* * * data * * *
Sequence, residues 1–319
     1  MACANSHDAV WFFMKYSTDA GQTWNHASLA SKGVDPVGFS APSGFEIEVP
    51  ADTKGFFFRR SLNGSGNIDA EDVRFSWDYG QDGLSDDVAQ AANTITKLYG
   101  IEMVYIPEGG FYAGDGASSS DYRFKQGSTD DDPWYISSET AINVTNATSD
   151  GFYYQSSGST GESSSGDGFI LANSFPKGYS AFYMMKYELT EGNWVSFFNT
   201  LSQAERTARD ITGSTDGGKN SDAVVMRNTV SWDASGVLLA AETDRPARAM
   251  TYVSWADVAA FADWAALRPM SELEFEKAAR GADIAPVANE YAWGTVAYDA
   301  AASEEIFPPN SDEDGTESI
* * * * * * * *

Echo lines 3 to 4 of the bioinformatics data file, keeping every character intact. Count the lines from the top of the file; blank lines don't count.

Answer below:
    51  ADTKGFFFRR SLNGSGNIDA EDVRFSWDYG QDGLSDDVAQ AANTITKLYG
   101  IEMVYIPEGG FYAGDGASSS DYRFKQGSTD DDPWYISSET AINVTNATSD